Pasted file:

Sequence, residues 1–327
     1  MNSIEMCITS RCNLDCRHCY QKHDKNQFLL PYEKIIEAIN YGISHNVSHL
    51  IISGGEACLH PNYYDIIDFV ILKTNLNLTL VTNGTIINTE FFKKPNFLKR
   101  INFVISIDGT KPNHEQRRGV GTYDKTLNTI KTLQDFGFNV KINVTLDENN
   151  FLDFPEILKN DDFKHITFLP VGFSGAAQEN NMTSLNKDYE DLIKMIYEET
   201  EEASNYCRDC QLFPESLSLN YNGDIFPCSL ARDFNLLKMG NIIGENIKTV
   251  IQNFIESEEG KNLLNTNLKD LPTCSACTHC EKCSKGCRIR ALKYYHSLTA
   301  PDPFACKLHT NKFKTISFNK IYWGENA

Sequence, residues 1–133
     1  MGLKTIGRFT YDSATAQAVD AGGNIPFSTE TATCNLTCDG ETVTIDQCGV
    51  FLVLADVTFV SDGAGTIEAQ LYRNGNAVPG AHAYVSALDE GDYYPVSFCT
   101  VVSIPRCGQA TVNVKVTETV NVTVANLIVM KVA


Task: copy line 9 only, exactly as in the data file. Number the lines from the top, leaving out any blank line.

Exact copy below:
Sequence, residues 1–133